7 Sep 2016

Half of all NZ men experience online harassment - survey

8:22 pm on 7 September 2016

Three out of four New Zealand men under 30 and more than half of all men have been victim to online harassment, a survey has shown.

Cybersecurity company Symantec surveyed 505 men and found men have copped abuse for their physical appearance, religion, sexual orientation and mental illness.

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Photo: 123rf

The harassment came in the form of abuse, insults, threats of violence and even death threats.

A similar study detailing the experiences of women online was published earlier this year, in which 70 percent of women identified online harassment as a major problem.

Kris Fox, who has been making vlogs, beauty tutorials and comedic videos for YouTube for three years, said he had learned the hard way that harassment came along with being an online star.

That did not make the things people said hurt any less, he said.

"When you look at the survey results you do notice that a high percentage of the people who are being targeted are from the LGBT community, which is my community - I was shocked to see that it was so high."

He had received death threats and comments telling him he was a "half-breed human".

"What does that even mean? It's pointless," Mr Fox said.

He had never been harassed in person, but he estimated he received at least five negative comments every time he posted a new video.

"If they won't say it in person why would they say it online?" he said.

"Telling someone to kill themselves is a strong thing [and] I don't think people understand how serious it can be."

He blocked people and reported harassment all the time.

"Sometimes I don't report it for myself but other people who might see it," Mr Fox said.

Symantic security expert Mark Shaw said the survey results were surprising

"More men are being harassed than I thought - the nature of the abuse and harassment is so broad as well."

The most common reasons men were attacked online were over sexual orientation (23 percent of gay, bisexual and transgender men, compared with 8 percent of heterosexual men), minority religious beliefs (21 percent), and physical or intellectual disabilities (15 percent), Mr Shaw said.

There were differences in how men and women dealt with the abuse, he said.

"Men have the 'she'll be right' attitude - they play it down.

"Women report it to the police and use online tools, which more men need to be doing," Mr Shaw said.

The survey showed 60 percent of online harassment was through social media.

"Online harassment can cause suicide and depression and the statistics in New Zealand show we have high rates of suicide among young men."

Social media companies needed to take more responsibility and the government should create stricter legislation, he said.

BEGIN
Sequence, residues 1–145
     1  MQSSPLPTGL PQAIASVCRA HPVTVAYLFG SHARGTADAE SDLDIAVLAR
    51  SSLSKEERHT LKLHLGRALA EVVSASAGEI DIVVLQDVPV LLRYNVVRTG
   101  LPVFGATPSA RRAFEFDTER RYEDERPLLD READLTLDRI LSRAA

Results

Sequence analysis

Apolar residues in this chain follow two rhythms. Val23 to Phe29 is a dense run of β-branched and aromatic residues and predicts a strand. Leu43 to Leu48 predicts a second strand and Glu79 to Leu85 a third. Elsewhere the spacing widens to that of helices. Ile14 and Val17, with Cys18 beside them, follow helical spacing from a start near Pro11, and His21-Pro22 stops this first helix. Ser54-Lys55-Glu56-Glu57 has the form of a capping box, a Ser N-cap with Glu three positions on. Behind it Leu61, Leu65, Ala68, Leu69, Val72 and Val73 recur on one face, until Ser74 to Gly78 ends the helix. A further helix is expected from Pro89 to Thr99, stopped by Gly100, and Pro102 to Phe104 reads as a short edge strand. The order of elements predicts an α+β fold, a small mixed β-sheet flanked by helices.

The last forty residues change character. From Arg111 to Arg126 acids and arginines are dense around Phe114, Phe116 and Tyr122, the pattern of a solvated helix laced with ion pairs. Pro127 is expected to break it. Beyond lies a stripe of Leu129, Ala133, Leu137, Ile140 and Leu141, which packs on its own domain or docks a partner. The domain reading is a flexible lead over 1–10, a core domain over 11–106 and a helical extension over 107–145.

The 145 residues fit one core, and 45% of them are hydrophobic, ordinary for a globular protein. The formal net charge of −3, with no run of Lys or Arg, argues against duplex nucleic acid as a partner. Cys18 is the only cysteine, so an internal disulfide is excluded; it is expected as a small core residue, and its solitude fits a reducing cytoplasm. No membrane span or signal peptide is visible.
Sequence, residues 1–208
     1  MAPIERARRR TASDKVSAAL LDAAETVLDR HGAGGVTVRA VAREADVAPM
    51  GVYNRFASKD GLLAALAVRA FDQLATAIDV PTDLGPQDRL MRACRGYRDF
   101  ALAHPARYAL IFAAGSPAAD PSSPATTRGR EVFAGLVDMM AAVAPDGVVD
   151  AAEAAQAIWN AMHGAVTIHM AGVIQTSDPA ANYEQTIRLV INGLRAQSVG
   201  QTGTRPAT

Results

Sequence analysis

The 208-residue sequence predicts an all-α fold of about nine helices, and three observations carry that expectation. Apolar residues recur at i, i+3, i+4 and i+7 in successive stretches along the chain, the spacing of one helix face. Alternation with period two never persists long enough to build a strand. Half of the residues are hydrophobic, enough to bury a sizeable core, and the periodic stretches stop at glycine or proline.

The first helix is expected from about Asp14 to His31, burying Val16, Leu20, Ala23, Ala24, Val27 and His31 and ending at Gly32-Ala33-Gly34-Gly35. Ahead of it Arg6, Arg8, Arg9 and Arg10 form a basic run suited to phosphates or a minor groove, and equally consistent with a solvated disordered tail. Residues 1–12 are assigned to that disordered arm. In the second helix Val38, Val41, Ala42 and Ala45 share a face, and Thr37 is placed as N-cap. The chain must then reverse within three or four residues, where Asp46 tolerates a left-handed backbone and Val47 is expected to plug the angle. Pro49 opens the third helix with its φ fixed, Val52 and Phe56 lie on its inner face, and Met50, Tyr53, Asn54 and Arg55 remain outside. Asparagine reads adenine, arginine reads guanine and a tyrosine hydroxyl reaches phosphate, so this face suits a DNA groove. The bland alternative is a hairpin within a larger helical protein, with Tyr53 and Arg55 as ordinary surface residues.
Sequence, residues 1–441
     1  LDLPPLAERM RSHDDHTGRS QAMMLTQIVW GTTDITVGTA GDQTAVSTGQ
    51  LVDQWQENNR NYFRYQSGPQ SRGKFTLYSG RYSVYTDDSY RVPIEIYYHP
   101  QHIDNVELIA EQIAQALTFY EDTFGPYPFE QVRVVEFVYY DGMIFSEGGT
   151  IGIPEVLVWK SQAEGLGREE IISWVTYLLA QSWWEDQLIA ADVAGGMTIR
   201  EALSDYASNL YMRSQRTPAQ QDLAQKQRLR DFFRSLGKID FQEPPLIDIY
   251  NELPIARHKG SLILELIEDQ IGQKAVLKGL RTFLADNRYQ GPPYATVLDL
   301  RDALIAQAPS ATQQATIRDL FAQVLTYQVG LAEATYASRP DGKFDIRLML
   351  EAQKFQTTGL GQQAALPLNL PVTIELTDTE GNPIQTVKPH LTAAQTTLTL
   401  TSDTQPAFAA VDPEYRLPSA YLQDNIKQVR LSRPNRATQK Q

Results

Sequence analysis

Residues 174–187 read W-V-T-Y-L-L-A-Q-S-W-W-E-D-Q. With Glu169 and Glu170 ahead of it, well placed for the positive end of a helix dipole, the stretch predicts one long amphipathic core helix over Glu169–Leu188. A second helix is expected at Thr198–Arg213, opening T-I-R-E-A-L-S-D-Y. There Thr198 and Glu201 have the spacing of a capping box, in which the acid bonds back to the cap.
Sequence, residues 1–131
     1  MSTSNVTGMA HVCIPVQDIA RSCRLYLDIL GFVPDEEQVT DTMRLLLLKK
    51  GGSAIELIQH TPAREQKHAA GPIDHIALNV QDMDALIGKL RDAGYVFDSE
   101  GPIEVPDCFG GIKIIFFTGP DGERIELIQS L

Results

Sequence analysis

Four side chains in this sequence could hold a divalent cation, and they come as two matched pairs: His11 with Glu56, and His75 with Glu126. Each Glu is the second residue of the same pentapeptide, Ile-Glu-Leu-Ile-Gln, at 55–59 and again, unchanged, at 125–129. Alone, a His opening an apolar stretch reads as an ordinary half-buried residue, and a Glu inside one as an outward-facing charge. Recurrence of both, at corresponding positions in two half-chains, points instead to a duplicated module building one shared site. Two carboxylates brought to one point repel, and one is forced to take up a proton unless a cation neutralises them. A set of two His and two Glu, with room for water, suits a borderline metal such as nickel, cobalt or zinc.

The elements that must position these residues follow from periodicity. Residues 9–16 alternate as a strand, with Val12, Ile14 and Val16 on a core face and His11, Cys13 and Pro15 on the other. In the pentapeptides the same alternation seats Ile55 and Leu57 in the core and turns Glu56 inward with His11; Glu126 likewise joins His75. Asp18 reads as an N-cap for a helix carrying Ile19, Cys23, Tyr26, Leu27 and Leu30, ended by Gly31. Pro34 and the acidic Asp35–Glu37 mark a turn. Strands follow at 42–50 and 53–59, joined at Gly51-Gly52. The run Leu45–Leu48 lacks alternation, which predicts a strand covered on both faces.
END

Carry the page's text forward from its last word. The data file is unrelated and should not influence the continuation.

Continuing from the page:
"I don't think Instagram and Facebook are doing enough around harassment - it was only last month when Instagram brought in the option for celebrities to block and report comments."

Netsafe chief executive Martin Cocker said the results simply reflected the greater number of people going online.

Harassment and bullying affected everybody so it was not surprising that it affected men as much as women, he said.

"The main point for people to do is seek assistance from appropriate agencies and that varies on where they are being harassed online.

"It is a little bit case-by-case but in general there are industry tools and agencies there to help people."

The Harmful Digital Communications Act was being phased in and was starting to pick up abuse at the more extreme end of the scale," Mr Cocker said.

"Once more of the regulations come into force New Zealand will have better services for online abuse than anywhere else."

What to do if you are harassed online

  • Review your online presence. Check your security and privacy settings on all devices and regularly change passwords.
  • Recognise the problem if it happens and move quickly. Do not respond to the perpetrator; keep all records and evidence of the harassment by making a copy of the message, photo or video; and if you witness online harassment, offer support to the person being targeted.
  • Report online harassment to the relevant authorities immediately. If inappropriate content is displayed online, contact the website operators by phone or email requesting the content be removed or blocked. Reporting a crime can be done directly through the police or via The Orb website. If you, or someone you care for, need advice on how to deal with online harassment, please reach out to Netsafe for help on 09 362 0971.

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